The neoliberal development schemes in line with the "Washington Consensus" did not create prosperity for much of Ecuador's population, especially its indigenous populations, who make up about 40% of the country's population.[10][11] The economy, based on the exportation of the country's raw materials, mainly oil, was also wreaking havoc on the nation's environment, an area with valuable biological and cultural diversity.[12] The global economic crisis of 2008 revealed the vulnerabilities of an extractive economy, and led to a period of political turmoil in the country that made obviously the need for a new more inclusive government that embodied a post-oil, post-neoliberal development paradigm.[9][10] In late 2006, the election of leftist Rafael Correa, who ran on an anti-neoliberal platform, showed the emergence of a new political era for Ecuador.[12]

Buen VivirEdit

Buen Vivir ("good living") emerged as a response to the traditional strategies for development and their negative environmental, social, or economic effects. Buen Vivir is an alternative concept of development that focuses on the attainment of the "good life" in a broad sense, only attainable within a community; a community that includes Nature. A popular approach to Buen Vivir is the Ecuadorian concept of sumak kawsay, meaning a full life in kichwa. Part of this concept also emphasizes living in harmony with other people and nature. Buen Vivir has gained new popularity, spreading throughout parts of South America and evolving as a multicultural concept. Social consensus led to the inclusion of Buen Vivir in Ecuador's new constitution, supported as an alternative to neoliberal development. The constitution outlines Buen Vivir as a set of rights, one of which is the rights of nature.[8] In line with the assertion of these rights, Buen Vivir changes the relationship between nature and humans to a more bio-pluralistic view, eliminating the separation between nature and society.[8][13]

In Andean communities in Latin America development is expressed through the notion of sumak kawsay, the Quechua word for ‘buen vivir’, has been proposed as an alternative conception of development and has been incorporated into the constitutions of Ecuador and Suma Qamaña ‘Vivir Bien’ in Bolivia. It connotes a harmonious collective development that conceives of the individual within the context of the social and cultural communities and his or her natural environment.[14] Rooted in the indigenous belief system of the Quechua, the concept incorporates western critiques of dominant development models to offer an alternative paradigm based on harmony between human beings, as well as between human beings and their natural environments.

Indigenous movementEdit

The inclusion of "Buen Vivir" and Rights of Nature in the constitution was ushered in largely due to the increased influence of indigenous activist groups in the political realm. After several years of worsening economic and environmental conditions, uprisings from various indigenous communities, who found themselves receiving less support from the state, while simultaneously their land was being increasingly encroached upon by oil companies, brought attention to their concerns.[12] After historically being excluded from the political process, indigenous groups, especially concerned about the worsening environmental devastation of the extraction business and global climate change, started social movements aimed at creating a new approach to development that would protect the environment and harmonize its relationship with people. CONAIE (National Confederation of Indigenous Nationalities of Ecuador), the largest federation of indigenous movements, encompassing 14 of the nation's indigenous groups, and other groups focused on social justice began lobbying for a new constitution that incorporated recognition of the nation's indigenous groups, their language, culture, history, and land rights, and inherently their concepts of sumak kawsay and Pachamama (English: "Mother Nature").[9]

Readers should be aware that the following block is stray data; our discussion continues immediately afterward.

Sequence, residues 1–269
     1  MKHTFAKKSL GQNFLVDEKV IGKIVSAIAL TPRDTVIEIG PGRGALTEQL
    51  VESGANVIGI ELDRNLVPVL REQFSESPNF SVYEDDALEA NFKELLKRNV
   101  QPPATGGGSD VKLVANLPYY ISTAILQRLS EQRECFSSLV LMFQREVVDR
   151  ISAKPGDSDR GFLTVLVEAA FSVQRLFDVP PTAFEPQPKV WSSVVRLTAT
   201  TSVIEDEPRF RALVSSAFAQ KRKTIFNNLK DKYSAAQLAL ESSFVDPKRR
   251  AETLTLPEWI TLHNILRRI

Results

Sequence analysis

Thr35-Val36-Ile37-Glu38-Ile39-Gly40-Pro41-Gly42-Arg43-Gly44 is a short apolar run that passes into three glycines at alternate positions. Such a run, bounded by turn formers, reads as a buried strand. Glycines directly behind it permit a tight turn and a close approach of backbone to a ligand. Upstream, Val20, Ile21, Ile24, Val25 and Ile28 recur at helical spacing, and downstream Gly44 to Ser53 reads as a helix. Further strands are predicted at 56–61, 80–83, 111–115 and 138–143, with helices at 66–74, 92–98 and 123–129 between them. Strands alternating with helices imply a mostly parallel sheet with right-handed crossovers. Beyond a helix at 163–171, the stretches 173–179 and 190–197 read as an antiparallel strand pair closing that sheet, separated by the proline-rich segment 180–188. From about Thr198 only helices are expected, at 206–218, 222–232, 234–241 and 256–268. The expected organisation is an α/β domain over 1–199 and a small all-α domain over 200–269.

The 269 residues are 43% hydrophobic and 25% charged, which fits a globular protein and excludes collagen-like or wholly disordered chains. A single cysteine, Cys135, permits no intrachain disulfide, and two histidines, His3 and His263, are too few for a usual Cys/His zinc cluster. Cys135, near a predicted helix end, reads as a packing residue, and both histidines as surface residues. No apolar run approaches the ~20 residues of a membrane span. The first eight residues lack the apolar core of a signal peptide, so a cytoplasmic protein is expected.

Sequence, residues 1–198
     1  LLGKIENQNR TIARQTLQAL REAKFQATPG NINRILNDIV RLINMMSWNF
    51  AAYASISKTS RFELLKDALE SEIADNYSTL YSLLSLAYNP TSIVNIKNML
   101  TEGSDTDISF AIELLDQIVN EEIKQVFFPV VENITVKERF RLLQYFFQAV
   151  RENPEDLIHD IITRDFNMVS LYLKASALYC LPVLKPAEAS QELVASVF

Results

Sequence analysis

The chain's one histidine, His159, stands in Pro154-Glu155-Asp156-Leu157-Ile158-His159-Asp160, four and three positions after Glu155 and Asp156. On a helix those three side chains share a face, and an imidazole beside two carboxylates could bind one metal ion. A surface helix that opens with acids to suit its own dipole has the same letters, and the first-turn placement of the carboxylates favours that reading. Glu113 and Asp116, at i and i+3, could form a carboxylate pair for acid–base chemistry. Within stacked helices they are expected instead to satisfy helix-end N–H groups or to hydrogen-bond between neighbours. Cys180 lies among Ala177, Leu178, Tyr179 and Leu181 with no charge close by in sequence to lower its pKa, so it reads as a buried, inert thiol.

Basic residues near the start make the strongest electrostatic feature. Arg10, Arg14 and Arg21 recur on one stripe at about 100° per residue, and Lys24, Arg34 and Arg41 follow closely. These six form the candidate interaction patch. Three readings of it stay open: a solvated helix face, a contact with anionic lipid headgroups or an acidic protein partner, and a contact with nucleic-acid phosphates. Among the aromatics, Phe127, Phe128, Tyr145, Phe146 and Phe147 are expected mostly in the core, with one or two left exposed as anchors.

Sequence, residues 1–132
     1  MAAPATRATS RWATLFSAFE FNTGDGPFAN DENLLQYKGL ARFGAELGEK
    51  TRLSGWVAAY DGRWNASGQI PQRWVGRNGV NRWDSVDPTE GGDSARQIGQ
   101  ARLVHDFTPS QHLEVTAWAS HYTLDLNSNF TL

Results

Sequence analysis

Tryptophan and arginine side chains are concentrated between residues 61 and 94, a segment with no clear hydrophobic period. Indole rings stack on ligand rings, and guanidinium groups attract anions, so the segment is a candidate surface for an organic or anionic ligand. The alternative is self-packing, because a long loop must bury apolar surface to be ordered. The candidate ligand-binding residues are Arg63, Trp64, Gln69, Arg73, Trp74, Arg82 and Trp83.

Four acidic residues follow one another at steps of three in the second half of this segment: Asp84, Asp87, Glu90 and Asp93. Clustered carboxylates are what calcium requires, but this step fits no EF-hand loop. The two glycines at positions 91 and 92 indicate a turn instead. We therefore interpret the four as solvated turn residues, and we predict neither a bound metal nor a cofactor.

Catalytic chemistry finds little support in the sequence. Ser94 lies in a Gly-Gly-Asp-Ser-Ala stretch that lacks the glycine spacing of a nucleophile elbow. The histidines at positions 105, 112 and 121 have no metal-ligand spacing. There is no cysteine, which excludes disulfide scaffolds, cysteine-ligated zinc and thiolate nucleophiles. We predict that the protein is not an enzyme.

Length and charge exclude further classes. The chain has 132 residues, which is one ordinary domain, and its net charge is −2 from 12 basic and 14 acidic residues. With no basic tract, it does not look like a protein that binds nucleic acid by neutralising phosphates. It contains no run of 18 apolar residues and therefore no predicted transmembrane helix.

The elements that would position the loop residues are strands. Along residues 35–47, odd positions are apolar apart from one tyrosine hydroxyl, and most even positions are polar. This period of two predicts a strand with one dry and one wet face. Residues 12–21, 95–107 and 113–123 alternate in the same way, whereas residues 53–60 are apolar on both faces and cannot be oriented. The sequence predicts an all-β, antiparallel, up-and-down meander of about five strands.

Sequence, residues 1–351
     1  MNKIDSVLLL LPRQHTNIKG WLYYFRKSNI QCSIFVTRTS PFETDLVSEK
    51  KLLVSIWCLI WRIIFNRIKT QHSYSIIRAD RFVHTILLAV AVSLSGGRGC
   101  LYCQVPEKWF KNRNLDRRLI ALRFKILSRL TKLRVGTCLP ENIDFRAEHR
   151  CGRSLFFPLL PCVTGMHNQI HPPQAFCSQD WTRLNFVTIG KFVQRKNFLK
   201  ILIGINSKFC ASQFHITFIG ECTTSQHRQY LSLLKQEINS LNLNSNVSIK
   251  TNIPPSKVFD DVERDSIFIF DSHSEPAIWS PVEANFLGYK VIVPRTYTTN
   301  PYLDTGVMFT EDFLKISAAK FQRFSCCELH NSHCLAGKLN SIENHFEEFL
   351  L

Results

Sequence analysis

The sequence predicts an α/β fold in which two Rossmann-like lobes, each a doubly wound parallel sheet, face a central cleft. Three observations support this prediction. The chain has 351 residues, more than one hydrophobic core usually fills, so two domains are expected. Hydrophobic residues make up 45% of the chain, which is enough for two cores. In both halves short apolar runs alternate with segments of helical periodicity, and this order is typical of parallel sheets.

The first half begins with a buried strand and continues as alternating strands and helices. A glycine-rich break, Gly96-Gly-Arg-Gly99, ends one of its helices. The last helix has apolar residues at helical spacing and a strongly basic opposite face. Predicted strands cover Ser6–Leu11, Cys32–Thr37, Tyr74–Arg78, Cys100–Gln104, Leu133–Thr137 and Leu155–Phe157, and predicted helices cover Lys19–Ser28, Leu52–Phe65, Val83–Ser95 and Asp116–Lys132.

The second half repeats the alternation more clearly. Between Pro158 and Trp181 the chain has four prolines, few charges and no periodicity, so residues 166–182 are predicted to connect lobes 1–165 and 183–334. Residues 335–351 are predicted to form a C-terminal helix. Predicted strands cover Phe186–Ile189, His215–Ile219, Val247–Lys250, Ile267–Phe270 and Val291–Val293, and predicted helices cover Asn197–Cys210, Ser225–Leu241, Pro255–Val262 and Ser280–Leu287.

President Rafael Correa included calling for a constitutional assembly in his 2006 campaign. On April 15, 2007, over 80% of Ecuadorians voted in favor of calling a new assembly, thanks in large part to the support of indigenous communities. Indigenous groups had been pressuring for a new, more inclusive constitution for years, and were therefore actively involved in the drafting process. Alberto Acosta, the elected Assembly President, pledged to make the assembly more inclusive and incorporate the concerns of the indigenous into the constitution. In the end, a few indigenous representatives were elected to the assembly.[9] To create a constitution based on the principles of Buen Vivir, the Constitutional Assembly, with the advice of the Pachamama Alliance, enlisted the help of the Community Environmental Legal Defense Fund (CELDF) to draft language for the new provisions of the constitution detailing the Rights of Nature.[3] Indigenous groups also played a role in the drafting process. Fundación Pachamama, in conjunction with leaders in CONAIE, met with members of the assembly to present their ideas for the constitution and gain support. A national media campaign detailing the tenets of the new constitution and the Rights of Nature was also launched to inform and gain support from the public.[15]